Emerging Currencies Slip to Two-Month Low on Trump Worries

(Bloomberg) -- Emerging-market currencies fell Tuesday as concerns over a potential Trump victory in November’s presidential election fuel bets on higher US Treasury yields, outweighing remarks from Fed Chair Jerome Powell that inflation is getting back on a downward path.

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The MSCI gauge for developing currencies slid 0.2% to a two-month low, with Thailand’s baht, Indonesia’s rupiah and South Africa’s rand lagging peers. An index of EM stocks fell 0.7% at the close Tuesday, with shares of Taiwan Semiconductor Manufacturing, Hon Hai Precision Industry Co. and Tencent Holdings Ltd. pacing declines.

Traders are worried that Trump’s plans to slash taxes and raise tariffs, if elected, could stoke inflation and force the central bank to keep monetary policy restrictive for longer.

“A Trump presidency is likely to induce more US inflation, leaving Treasury yields elevated, thus sustaining rates pressure on emerging markets,” said Nick Rees, a currency analyst at Monex Europe.

Investors have been buying shorter-maturity US Treasury notes and selling longer-term ones after Trump came out ahead of President Joe Biden in the first presidential debate last week. The trade has been touted by a chorus of Wall Street strategists in recent days, with Morgan Stanley and Barclays urging clients to prepare for sticky inflation and higher long-term bond yields in another Trump term.

Emerging-market investors largely shrugged off the latest clues on the Federal Reserve’s path to cutting rates. US job-openings unexpectedly rose in May, interrupting a trend that underscored a slowdown in labor seen as key for Fed easing. Powell, speaking before the data’s release, said there’s been a “substantial” move toward better balance between the supply of and demand for workers. He described the job market as strong, but said it is cooling off appropriately.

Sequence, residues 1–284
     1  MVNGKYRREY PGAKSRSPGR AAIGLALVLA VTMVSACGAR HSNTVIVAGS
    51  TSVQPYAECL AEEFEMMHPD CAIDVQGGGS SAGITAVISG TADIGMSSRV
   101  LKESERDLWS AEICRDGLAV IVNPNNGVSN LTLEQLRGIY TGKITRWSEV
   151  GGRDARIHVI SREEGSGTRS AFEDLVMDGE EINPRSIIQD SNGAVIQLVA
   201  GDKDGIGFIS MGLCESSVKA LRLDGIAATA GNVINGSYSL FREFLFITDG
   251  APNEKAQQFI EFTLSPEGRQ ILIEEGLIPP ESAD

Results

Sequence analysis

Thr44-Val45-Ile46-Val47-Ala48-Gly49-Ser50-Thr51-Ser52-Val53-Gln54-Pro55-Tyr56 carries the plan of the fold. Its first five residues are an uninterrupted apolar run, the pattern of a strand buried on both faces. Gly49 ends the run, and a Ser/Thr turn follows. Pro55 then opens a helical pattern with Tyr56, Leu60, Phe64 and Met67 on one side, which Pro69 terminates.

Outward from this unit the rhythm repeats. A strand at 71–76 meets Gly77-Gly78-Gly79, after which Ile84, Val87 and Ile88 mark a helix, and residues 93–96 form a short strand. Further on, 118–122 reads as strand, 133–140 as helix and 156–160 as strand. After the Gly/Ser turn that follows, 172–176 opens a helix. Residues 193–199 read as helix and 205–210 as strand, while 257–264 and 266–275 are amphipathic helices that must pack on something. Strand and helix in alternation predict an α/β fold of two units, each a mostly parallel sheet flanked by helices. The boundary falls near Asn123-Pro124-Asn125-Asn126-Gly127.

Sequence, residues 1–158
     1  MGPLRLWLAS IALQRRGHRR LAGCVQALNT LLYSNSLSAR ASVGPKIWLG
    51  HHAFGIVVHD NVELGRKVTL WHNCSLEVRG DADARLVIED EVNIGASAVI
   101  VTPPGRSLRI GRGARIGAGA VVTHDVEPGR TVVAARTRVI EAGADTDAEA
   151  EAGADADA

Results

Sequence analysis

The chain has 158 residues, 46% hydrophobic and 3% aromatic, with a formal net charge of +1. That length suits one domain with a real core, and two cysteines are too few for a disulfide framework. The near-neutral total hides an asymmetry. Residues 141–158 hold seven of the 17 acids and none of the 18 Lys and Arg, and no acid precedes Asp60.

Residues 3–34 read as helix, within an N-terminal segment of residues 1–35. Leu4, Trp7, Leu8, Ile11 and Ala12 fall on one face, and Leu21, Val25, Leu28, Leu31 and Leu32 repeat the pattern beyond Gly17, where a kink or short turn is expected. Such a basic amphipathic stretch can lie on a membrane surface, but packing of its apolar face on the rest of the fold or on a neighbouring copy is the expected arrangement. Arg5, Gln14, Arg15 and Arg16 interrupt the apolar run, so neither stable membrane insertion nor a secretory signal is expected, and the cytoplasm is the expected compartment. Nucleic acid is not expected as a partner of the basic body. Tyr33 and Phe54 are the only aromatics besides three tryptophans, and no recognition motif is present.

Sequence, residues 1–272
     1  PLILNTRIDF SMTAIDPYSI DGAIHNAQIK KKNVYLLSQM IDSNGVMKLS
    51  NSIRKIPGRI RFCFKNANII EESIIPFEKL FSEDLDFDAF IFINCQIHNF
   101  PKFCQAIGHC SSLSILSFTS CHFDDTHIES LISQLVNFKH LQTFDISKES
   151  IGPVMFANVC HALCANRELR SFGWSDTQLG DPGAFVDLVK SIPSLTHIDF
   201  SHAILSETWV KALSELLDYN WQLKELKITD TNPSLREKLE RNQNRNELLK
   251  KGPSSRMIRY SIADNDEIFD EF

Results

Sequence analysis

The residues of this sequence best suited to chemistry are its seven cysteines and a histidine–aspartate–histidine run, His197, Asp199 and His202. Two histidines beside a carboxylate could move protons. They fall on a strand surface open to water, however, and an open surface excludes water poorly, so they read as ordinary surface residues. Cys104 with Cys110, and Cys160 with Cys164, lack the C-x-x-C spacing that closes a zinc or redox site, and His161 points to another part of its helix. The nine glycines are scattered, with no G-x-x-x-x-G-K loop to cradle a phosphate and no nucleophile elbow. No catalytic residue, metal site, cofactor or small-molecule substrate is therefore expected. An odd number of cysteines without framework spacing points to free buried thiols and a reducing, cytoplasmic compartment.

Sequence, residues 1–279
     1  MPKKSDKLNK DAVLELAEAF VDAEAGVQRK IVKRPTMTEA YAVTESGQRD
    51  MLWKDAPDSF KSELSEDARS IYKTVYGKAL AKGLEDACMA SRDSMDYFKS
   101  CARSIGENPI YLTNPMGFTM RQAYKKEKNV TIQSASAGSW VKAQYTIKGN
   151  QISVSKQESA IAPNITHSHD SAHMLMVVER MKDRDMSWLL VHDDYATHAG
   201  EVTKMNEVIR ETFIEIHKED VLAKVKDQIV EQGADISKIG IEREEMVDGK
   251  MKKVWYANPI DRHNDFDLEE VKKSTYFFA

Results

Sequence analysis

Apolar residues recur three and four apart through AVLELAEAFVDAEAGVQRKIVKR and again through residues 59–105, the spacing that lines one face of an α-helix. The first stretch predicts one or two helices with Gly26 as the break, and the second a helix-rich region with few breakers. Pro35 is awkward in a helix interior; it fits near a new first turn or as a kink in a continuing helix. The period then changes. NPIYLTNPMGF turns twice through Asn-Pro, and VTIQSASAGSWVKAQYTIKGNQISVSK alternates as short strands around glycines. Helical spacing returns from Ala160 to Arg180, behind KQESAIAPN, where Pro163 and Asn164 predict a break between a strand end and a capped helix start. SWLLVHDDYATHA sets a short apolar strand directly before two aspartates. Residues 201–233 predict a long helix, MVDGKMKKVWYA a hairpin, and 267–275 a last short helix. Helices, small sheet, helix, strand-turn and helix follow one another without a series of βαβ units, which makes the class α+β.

Elsewhere in currency markets, the Brazilian real whipsawed as traders continue to adjust for growing conflict between the government and the nation’s central bank. President Luiz Inacio Lula da Silva escalated his attacks on policymakers, saying the institution led by Governor Roberto Campos Neto needs to be autonomous and not “owned” by financial markets.

“Lula’s attacks on the bank and his growing control via his appointments is unnerving the markets, and rightfully so,” said Win Thin, managing director at Brown Brothers Harriman & Co. in New York. The “market is pricing in the start of a tightening cycle over the next three months, which seems aggressive, but not out of the question if BRL weakness continues.”

Credit Markets

In credit markets, El Salvador’s sovereign bonds were the best performers in emerging markets on bets that a Trump victory could increase the chances of an International Monetary Fund deal as the former US president looks to stem immigration. The notes rose at least 1.9 cents on the dollar across the curve, according to pricing data compiled by Bloomberg.

El Salvador President Nayib Bukele “likely believes that he will be able to negotiate a more favorable agreement with the IMF under a Trump presidency,” said Barclays analyst Jason Keene. “And as the market has priced in greater odds of a Trump victory over the last several days, El Salvador has benefitted from that sentiment shift.”

Chile tapped fixed-income investors with a social bond, one of the first sales by emerging-market sovereigns in what’s expected to be a slower second half of the year after a flurry of activity in the first few months of 2024.

Ukraine signaled that it expects restructuring talks for its $20 billion of international debt to conclude by an Aug. 1 deadline and to include treatment of its GDP-linked warrants.

--With assistance from Selcuk Gokoluk.

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